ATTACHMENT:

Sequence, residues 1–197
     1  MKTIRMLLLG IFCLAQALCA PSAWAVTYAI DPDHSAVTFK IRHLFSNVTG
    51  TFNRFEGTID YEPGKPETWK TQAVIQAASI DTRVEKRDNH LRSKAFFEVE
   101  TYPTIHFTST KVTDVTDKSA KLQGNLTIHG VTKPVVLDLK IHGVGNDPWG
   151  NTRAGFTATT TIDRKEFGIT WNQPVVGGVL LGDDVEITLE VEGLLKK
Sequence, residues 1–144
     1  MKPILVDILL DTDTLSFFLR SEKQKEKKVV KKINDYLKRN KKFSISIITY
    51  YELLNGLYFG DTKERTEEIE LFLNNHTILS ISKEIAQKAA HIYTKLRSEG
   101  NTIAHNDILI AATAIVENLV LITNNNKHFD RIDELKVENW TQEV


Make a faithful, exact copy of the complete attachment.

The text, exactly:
Sequence, residues 1–197
     1  MKTIRMLLLG IFCLAQALCA PSAWAVTYAI DPDHSAVTFK IRHLFSNVTG
    51  TFNRFEGTID YEPGKPETWK TQAVIQAASI DTRVEKRDNH LRSKAFFEVE
   101  TYPTIHFTST KVTDVTDKSA KLQGNLTIHG VTKPVVLDLK IHGVGNDPWG
   151  NTRAGFTATT TIDRKEFGIT WNQPVVGGVL LGDDVEITLE VEGLLKK
Sequence, residues 1–144
     1  MKPILVDILL DTDTLSFFLR SEKQKEKKVV KKINDYLKRN KKFSISIITY
    51  YELLNGLYFG DTKERTEEIE LFLNNHTILS ISKEIAQKAA HIYTKLRSEG
   101  NTIAHNDILI AATAIVENLV LITNNNKHFD RIDELKVENW TQEV